Security best practice
Scam emails / Phishing
- The 'from' name is someone you recognise but if you hover your cursor over it the email address that appears is not the genuine address.
- The email may address you in vague terms because the fraudsters don't know your name, eg 'Dear Customer'.
- There may be grammar and spelling mistakes, and odd formatting.
- Such emails usually contain incorrect or fake contact information.
What can you do?
- Be suspicious of unexpected emails asking you to click a link and input personal data. The email address the message appears to be from might not be genuine.
- If the email appears to be from your bank or a company with whom you make financial transactions, never click on a link in the email. Find the company's genuine url and type it into the browser yourself.
- Never provide sensitive information over email nor respond to one that asks you for such. A bank will never contact you by email to ask you to enter your password or any other sensitive information by clicking on a link and visiting a website.
- Never open, run and or save any attachments from suspicious emails that are sent to you from unknown senders.
- Ensure your device has the latest security software updates installed and your anti-virus software is up-to-date.
- If you think you’re a victim of cybercrime, change your passwords and PIN on all accounts that you think might be compromised. Contact your bank immediately and visit the Action Fraud website where you can report a cyber crime and obtain a police reference number. You can also use the Action Fraud website to report an attempted scam message.
The following external websites give comprehensive advice on phishing and other types of fraud:
A good password is both easy for you to remember and hard for others to figure out. A strong password contains upper and lowercase letters, along with symbols and numbers.
Do and Don’t when creating a strong password:
- both upper and lowercase letters
- numeric and special characters
- at least 8 characters in length (the more the better but it should also be memorable)
- a unique password every time
- the word 'password'
- a form or derivative of your current login (such as writing it in reverse or capitalizing it)
- your name as your password
- a word found in any dictionary
- the same password as another account
More information can be found on the internet, for example: The Ultimate Guide for Creating Strong Passwords.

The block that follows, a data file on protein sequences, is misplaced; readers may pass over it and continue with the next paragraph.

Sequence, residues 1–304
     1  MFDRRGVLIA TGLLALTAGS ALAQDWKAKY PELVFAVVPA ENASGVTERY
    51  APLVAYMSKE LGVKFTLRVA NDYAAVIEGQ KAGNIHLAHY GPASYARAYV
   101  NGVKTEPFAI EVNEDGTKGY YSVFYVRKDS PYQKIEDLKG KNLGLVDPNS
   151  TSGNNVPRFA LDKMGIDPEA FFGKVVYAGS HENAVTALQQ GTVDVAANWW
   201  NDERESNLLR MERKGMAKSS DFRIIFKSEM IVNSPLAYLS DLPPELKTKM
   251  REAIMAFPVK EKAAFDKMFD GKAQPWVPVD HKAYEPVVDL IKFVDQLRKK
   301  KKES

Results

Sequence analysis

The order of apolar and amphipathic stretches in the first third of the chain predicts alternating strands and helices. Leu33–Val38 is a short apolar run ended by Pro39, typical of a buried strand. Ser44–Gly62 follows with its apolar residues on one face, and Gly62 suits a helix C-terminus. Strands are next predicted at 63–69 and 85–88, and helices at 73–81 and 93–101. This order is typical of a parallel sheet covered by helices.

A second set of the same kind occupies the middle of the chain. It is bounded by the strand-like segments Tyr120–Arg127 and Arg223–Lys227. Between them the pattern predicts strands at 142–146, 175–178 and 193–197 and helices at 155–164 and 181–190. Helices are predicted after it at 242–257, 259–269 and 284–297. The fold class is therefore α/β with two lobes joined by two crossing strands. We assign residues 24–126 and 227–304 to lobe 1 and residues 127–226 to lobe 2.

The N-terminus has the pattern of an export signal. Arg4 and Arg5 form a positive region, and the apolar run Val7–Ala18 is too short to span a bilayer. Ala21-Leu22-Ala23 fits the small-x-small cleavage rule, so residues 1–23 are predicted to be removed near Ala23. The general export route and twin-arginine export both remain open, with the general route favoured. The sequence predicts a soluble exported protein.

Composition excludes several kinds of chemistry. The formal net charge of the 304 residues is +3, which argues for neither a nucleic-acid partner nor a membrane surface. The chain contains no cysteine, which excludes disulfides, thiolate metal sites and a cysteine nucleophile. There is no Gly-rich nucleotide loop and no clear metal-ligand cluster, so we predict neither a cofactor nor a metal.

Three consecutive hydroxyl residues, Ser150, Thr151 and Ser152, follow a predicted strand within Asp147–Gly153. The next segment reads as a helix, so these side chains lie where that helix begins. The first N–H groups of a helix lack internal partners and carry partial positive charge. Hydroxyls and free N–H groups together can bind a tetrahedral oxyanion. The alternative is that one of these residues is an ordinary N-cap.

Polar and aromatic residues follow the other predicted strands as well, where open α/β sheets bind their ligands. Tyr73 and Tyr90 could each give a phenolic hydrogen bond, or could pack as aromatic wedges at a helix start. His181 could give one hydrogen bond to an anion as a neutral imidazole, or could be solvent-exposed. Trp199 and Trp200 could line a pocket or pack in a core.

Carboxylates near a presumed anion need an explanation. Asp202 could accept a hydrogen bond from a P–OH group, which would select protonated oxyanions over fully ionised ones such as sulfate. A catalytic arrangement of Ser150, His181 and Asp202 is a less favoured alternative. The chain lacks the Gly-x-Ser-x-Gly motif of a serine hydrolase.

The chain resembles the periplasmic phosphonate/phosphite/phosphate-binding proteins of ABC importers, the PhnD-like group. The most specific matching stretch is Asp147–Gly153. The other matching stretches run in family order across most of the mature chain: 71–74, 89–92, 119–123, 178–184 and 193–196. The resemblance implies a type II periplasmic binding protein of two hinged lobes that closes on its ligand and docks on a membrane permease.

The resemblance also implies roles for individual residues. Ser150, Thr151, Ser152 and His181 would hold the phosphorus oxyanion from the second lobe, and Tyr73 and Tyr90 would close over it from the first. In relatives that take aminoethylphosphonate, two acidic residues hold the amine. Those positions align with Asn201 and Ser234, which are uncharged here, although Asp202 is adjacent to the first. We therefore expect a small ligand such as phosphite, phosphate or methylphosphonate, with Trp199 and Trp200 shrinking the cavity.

Please remember: London Met staff will never ask you to reveal your password by email, in person or on the phone.
Anti-virus Best Practice and free anti-virus software
Individual's responsibilities using University systems on campus
All students are responsible for taking suitable measures to protect against virus infection. Failure to do so may constitute an infringement of the University’s regulations governing the use of computing facilities.
A user who allows their computer to become infected puts at risk their own work and other people’s systems and data.
- A memory resident virus detector must be installed if available.
- Students using the University's computers should adopt the following ‘best practice’ at all times:
- Exercise extreme caution when opening attachments and check for viruses before opening.
- Exercise caution when copying files. Only download from reputable sites and carry out a virus check on the file.
- Exercise caution when opening files from removable media such as USB memory sticks or CD-ROMs.
- Scan all external media for viruses before using.
- Report any virus found to the ICT Helpdesk or to the computer staff in the department. Provide the following information if known: virus name, extent of infection, source of virus and potential recipients of infected material.
- If possible, warn people to whom the virus may have been sent. Include the name of the virus in the warning if at all possible.
- Students who are authorised to attach their own computer to the University network must ensure that their computer has virus protection which complies with the standards set out in this policy.
Using computers at home
- When using home computers to access University resources remotely it is recommended that in addition to the above, it is best practice to:
- Update virus protection software frequently (configured for automatic updating on a daily basis if possible).
- Install all recommended security patches for the operating system and applications in a timely manner.
Sophos anti-virus for home use
The University currently uses Sophos anti-virus software and students can obtain free Sophos anti-virus tools for home use. See the Sophos website for information.
Please note: you will be asked to create an account in order to download the software. Please use your University email address when creating the account so that Sophos can identify you as a member of London Metropolitan University.